What Is Tooth Dilaceration?

What exactly is tooth dilaceration? Merriam Webster Medical Dictionary defines this rare, and sometimes preventable, occurrence as an injury "to a developing tooth root that results in a curve of the long axis as development continues." Learn about the signs of this condition, preventive measures and its differences from other malformations.

Key Features

This condition occurs when your tooth's root or crown bends or curls instead of growing relatively straight. It appears most often in the back teeth. According to a report published by Contemporary Clinical Dentistry, some root curvature is fairly common in back teeth, but extreme cases are rare. The curvature is considered acute when the root bends 90 degrees or more from the axis of your tooth, or more than 20 degrees at the tip of the root curve. It can look slightly curved at the tip of your root, or it can look S-shaped, the report notes.

Causes of the Curvature

Causes of the condition include tooth trauma, delayed tooth eruption and the manner of tooth development, says the American Biodontics Society. Most commonly, as bones grow in the area, shifts in their course of development cause the curvature.

Flexion vs. Dilaceration

You may hear these terms used interchangeably, but they mean distinct things. An article in Oral Health and Dentistry defines dilaceration as a deviation of 90 degrees or more along the long axis of the tooth. Flexion occurs when the deviation is less than 90 degrees.

Is It Preventable?

Injury to primary teeth can damage your permanent teeth, notes the International Journal of Clinical Pediatric Dentistry, but this only happens rarely. It is possible for trauma to affect the tooth development of 4- to 5-year-olds. Taking care to avoid injury to the mouth at this age is one way to prevent the condition (and always during sports and recreational activity).

Certain conditions, such as Smith-Magenis syndrome and Axenfeld-Rieger syndrome, as well as family history can increase the risk of acute root curvature. Cysts or tumors can also be risk factors. Visit your dentist and doctor as soon as you see or feel an abnormality in your or your child's face and mouth area.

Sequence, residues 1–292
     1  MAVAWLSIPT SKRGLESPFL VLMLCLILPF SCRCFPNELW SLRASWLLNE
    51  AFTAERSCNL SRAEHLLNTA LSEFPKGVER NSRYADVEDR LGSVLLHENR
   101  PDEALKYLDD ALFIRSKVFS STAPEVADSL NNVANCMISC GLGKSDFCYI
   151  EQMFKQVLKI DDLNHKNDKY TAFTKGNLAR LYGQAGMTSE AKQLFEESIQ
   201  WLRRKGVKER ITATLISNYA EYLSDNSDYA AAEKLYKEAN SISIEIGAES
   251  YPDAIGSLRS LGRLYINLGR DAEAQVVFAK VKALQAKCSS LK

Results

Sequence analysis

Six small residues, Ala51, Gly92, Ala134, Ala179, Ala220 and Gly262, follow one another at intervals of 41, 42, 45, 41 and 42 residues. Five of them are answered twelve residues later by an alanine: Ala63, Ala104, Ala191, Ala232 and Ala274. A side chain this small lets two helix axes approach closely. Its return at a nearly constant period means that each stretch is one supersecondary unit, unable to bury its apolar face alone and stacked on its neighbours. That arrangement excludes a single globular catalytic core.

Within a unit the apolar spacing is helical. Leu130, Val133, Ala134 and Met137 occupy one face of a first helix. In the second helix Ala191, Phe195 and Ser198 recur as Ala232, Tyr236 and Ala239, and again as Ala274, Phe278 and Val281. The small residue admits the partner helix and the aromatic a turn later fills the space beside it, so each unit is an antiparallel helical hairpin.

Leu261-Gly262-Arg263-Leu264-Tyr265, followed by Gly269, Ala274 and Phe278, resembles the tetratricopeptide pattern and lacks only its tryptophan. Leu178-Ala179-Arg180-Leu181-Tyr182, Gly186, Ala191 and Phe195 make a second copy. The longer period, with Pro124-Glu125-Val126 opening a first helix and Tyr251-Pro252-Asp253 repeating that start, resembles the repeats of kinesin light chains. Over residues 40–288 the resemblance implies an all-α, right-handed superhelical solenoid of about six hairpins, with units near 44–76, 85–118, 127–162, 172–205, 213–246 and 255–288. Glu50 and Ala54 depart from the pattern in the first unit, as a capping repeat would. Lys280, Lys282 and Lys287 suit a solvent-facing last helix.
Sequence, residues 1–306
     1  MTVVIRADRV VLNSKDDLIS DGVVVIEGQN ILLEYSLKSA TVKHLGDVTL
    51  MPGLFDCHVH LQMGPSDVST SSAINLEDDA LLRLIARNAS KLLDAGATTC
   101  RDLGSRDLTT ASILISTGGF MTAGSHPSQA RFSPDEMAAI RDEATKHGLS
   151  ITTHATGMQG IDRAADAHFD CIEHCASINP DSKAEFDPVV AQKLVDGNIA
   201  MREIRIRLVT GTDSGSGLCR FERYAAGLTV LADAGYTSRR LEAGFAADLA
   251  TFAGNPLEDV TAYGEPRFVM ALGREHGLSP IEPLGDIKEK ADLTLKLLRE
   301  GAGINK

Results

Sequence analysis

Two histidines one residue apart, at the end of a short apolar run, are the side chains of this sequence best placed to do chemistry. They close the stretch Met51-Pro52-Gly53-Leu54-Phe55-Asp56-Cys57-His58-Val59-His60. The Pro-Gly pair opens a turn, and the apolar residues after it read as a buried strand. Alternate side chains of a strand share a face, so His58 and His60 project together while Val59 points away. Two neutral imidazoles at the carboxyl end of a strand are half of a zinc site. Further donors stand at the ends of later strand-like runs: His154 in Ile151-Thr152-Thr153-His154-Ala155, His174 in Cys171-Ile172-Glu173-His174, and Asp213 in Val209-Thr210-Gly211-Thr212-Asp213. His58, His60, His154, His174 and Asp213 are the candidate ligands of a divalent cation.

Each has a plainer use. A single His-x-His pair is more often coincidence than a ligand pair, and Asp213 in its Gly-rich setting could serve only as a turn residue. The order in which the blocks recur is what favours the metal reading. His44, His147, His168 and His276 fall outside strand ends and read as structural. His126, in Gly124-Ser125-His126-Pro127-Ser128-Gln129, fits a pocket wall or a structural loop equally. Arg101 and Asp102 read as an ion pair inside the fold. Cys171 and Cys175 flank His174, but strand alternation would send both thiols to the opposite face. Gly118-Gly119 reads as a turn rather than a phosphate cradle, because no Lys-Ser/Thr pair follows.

Likewise, if you feel pressure or pain (which can result from this condition) in this area, make an appointment.

Treatment Options

An endodontist, or a root specialist, is typically involved in treatment. The endodontist will take X-rays to determine the extent of the problem and will use special instruments to guard against further injury of the area. A root canal and full cleaning within the tooth are essential if the curve is severe.

Caring for your child's primary teeth and making regular pediatric dentist appointments are important for catching the problem early on if it develops.


This article is intended to promote understanding of and knowledge about general oral health topics. It is not intended to be a substitute for professional advice, diagnosis or treatment. Always seek the advice of your dentist or other qualified healthcare provider with any questions you may have regarding a medical condition or treatment.

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What Are The Different Parts Of A Tooth?

Each tooth has several distinct parts; here is an overview of each part:

  • Enamel – this is the outer and hardest part of the tooth that has the most mineralized tissue in the body. It can be damaged by decay if teeth are not cared for properly.

  • Dentin – this is the layer of the tooth under the enamel. If decay makes it through the enamel, it next attacks the dentin — where millions of tiny tubes lead directly to the dental pulp.

  • Pulp – this is the soft tissue found in the center of all teeth, where the nerve tissue and blood vessels are located. If tooth decay reaches the pulp, you usually feel pain and may require a root canal procedure.